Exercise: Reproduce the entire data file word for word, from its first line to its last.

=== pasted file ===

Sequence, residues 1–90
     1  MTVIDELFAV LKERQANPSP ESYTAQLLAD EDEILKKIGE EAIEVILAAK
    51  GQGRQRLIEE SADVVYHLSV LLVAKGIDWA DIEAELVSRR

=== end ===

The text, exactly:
Sequence, residues 1–90
     1  MTVIDELFAV LKERQANPSP ESYTAQLLAD EDEILKKIGE EAIEVILAAK
    51  GQGRQRLIEE SADVVYHLSV LLVAKGIDWA DIEAELVSRR